Henry Ossian Flipper was the first African American to graduate from the United States Military Academy at West Point. As second lieutenant with the 10th Cavalry, he was framed for embezzlement.
African-American military leader Henry Ossian Flipper was born into slavery on March 21, 1856, in Thomasville, Georgia. Flipper attended Atlanta University where he received an appointment to the United States Military Academy at West Point.
Although he was not the first African-American to attend West Point, he became the first African-American to graduate in 1877. Despite being ostracized and enduring racist discrimination, he excelled as a cadet, particularly in engineering, law, French and Spanish. After he graduated, Flipper wrote Colored Cadet at West Point in 1878.
Career and Dishonorable Discharge
Following his graduation, Flipper received his commission as second lieutenant, and in 1878, he became the first African-American officer in the U.S. Army to command African-American troops when he received an appointment at Fort Sill, Oklahoma. His assignment was to lead Troop A, 10th Calvary Regiment, also known as the Buffalo Soldiers. Until then, all African-American troops had been commanded by white officers.
During his time at Fort Sill, he was also able to utilize his engineering skills, and constructed roads and a system to help drain stagnant pools of water which was known to spread malaria. The project was a success and the site, known as “Flipper’s Ditch,” became an National Historic Landmark in 1977.
His military service came to a halt, however, when in November 1881 he was accused by his white commanding officer of embezzling $3,791.77 from commissary funds. Although a court martial acquitted him of the charges, he was dishonorably discharged in 1882.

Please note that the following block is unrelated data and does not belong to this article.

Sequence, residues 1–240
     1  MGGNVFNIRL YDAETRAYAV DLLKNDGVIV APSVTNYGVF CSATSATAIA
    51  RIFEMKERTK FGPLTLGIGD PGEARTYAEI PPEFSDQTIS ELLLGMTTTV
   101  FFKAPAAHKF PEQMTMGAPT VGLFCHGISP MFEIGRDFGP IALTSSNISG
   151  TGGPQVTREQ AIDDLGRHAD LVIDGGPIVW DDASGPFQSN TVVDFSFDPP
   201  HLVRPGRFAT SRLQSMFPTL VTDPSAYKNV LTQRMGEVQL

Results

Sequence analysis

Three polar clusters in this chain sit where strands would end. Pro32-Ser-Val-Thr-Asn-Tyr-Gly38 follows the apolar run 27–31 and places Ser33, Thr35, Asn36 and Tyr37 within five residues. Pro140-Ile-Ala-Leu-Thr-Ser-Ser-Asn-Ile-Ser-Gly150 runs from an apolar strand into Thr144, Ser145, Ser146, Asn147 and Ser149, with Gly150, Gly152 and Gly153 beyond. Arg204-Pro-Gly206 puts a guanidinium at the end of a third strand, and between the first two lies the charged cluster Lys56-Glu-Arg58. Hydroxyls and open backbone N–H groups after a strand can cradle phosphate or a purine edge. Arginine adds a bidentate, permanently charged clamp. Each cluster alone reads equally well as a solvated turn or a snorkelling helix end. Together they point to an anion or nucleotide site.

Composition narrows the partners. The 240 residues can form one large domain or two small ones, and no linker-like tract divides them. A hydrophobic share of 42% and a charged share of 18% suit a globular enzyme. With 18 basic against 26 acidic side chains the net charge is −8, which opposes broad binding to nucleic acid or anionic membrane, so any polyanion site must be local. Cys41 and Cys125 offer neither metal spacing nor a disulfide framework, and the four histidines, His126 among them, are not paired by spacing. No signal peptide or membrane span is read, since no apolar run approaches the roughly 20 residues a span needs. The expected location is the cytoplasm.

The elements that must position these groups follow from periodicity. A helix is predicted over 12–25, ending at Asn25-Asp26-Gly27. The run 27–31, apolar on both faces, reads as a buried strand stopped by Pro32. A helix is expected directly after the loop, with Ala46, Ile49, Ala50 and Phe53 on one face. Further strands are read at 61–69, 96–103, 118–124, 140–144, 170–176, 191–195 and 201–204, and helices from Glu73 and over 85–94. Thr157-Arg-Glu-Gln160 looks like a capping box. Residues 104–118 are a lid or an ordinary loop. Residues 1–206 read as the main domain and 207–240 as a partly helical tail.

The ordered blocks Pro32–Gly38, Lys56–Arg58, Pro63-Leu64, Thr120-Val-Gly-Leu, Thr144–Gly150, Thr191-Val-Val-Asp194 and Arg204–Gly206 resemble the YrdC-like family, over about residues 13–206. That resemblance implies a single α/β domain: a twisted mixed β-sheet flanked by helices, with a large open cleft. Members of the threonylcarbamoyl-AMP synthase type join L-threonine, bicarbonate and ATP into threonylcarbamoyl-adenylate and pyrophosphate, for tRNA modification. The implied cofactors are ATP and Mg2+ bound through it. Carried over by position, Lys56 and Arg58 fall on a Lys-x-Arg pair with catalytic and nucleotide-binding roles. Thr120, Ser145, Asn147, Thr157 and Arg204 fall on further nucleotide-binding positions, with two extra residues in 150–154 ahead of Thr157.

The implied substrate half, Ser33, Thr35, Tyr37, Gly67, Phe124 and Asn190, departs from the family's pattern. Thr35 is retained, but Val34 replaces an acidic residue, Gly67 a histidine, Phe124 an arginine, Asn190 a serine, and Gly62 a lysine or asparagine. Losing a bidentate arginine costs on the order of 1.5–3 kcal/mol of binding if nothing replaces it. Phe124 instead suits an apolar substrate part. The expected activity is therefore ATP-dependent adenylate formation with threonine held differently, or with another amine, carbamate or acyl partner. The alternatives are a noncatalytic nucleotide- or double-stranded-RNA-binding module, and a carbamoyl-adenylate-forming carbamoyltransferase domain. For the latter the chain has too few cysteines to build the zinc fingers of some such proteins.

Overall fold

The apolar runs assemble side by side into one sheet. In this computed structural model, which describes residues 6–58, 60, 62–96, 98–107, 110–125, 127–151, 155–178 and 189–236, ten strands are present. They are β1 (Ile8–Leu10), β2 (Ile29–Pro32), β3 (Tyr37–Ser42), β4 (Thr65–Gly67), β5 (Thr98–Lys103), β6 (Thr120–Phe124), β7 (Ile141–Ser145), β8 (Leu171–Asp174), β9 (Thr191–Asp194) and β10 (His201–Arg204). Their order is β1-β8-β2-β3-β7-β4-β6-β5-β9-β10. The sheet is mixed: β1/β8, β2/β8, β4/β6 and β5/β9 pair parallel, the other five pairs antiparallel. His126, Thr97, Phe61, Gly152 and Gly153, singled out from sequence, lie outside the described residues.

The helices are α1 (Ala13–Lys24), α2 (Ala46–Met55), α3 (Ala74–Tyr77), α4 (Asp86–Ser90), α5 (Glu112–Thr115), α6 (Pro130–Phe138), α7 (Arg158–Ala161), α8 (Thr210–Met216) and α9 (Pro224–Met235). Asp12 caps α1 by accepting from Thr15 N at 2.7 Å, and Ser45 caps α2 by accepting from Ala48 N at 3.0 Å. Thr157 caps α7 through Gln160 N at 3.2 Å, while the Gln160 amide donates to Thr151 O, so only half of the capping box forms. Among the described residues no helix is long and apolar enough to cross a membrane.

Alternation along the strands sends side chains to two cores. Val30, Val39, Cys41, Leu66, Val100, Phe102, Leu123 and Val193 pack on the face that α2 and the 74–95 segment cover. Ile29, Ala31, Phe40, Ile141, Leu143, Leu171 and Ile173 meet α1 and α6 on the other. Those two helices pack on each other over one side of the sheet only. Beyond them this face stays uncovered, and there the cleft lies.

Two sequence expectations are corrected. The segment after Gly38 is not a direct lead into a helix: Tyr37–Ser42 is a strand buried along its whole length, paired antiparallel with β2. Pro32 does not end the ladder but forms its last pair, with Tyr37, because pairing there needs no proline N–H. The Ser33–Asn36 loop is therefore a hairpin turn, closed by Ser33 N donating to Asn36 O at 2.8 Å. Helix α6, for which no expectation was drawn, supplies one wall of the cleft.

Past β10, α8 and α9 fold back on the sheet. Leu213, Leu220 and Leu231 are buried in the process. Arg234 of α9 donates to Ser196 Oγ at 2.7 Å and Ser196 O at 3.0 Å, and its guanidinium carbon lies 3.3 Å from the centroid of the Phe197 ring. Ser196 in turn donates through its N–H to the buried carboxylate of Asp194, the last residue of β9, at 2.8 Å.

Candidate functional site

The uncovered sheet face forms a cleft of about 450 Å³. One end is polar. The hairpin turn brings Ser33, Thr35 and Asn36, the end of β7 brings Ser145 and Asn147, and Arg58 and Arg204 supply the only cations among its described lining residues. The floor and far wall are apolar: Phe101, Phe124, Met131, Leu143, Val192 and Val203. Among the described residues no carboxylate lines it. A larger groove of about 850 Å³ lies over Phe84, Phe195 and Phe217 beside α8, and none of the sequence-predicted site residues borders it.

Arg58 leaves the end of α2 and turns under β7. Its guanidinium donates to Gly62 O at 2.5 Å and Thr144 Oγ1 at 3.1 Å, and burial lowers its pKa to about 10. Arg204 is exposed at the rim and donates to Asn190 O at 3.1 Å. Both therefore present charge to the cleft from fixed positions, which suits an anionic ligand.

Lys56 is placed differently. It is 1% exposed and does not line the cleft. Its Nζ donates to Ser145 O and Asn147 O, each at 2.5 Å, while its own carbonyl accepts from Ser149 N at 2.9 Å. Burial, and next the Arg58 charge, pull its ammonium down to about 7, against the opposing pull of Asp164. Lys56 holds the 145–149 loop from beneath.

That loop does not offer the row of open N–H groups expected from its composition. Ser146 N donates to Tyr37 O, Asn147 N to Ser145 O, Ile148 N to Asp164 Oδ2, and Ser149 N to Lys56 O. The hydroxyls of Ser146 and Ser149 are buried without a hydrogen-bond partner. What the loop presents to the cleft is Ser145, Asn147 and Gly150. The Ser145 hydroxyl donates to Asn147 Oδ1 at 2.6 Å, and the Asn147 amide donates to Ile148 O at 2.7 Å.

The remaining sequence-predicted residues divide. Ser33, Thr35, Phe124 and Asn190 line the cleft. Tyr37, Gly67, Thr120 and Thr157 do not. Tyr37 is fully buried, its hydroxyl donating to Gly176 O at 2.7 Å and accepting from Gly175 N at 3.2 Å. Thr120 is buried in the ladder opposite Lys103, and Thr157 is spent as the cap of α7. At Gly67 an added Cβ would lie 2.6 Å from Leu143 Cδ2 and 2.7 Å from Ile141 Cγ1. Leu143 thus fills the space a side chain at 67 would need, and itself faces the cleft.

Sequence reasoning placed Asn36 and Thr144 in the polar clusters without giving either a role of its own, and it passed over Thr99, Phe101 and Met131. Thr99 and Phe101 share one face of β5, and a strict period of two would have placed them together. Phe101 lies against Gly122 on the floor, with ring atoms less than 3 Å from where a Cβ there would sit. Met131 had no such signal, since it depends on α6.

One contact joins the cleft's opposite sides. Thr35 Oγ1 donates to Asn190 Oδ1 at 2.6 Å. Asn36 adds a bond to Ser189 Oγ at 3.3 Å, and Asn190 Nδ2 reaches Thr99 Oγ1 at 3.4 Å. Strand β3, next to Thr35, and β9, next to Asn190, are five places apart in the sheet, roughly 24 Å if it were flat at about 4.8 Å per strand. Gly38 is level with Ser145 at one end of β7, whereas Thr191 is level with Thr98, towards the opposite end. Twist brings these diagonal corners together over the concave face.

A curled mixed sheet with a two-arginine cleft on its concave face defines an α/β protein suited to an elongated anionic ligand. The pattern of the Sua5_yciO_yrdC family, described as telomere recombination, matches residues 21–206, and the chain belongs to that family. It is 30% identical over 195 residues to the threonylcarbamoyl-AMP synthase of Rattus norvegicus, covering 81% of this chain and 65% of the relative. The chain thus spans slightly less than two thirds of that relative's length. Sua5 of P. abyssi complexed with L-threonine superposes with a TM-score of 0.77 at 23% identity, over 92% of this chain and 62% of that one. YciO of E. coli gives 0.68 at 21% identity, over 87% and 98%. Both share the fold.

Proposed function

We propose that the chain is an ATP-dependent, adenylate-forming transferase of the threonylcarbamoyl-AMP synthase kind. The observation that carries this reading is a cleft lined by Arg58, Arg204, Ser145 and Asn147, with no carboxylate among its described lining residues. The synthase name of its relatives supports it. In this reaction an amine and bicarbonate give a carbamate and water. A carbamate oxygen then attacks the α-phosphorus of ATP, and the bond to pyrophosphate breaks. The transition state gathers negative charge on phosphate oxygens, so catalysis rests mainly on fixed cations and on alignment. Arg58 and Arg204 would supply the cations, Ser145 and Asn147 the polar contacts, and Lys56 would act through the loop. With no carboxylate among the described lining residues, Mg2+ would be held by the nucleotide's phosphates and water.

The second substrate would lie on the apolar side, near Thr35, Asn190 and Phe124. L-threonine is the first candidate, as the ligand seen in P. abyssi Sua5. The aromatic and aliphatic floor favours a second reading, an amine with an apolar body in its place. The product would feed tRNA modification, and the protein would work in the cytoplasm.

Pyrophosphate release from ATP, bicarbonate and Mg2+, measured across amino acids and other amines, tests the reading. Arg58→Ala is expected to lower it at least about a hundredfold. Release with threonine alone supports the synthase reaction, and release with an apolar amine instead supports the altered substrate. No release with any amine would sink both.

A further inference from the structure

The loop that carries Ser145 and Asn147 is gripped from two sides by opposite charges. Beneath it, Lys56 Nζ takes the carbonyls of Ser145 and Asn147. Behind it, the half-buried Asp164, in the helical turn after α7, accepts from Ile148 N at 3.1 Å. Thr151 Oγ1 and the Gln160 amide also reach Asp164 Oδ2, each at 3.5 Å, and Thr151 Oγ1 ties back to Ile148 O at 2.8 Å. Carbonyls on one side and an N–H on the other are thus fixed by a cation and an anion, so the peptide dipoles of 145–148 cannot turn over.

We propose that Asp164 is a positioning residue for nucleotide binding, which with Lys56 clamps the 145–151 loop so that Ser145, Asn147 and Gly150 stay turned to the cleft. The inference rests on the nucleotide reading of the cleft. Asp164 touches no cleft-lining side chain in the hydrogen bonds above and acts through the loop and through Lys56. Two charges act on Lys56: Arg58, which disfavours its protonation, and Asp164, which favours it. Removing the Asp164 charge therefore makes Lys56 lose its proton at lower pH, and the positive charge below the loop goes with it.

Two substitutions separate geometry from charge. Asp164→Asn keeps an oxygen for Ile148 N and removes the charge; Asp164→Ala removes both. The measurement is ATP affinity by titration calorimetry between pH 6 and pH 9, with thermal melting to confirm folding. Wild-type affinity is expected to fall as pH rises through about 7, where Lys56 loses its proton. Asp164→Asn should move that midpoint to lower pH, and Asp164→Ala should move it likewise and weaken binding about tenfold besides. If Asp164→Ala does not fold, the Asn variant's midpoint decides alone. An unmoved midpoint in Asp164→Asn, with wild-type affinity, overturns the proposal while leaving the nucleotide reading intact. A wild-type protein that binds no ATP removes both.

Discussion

Death, Honorable Discharge and Legacy
After his military discharge, Flipper worked as a civil engineer, and tried unsuccessfully to vindicate himself for many years. He died on May 3, 1940, in Atlanta, Georgia. His autobiography Negro Frontiersman: The Western Memoirs of Henry O. Flipper, which he wrote in 1916, was published posthumously in 1963.
Thirty-six years after his death, in 1976, it was confirmed that white officers had framed Flipper. President Bill Clinton posthumously granted Flipper an honorable discharge in 1999, a vindication of his military service and recognition of the racism he had endured. On the 100th anniversary of his graduation, West Point unveiled a bust of Flipper to honor him as a distinguished graduate.
March 21, 1856
May 3, 1940
- He was assigned to the 10th Cavalry Regiment, one of the four all-black “buffalo soldier” regiments in the Army, and became the first black officer to command regular troops in the U.S. Army (previously, all-black regiments had been commanded by white officers).
- In May 1880, Flipper and Nolan reunited during the Victorio Campaign. It was the last time the two met. Throughout this period, his military career was encumbered by racism in the military, though he did have the support of some officers, such as Nolan, and many of the white civilians he encountered who were impressed by his competency. In the later part of 1880, Flipper was transferred to Fort Davis in West Texas and assigned as the post quartermaster and commissary officer.
- Throughout his life, Flipper was a prolific author, writing about scientific topics, the history of the Southwest, and his own experiences. In The Colored Cadet at West Point (1878) he describes his experiences at the military academy. In the posthumous Negro Frontiersman: The Western Memoirs of Henry O. Flipper (1963), he describes his life in Texas and Arizona after his discharge from the Army.
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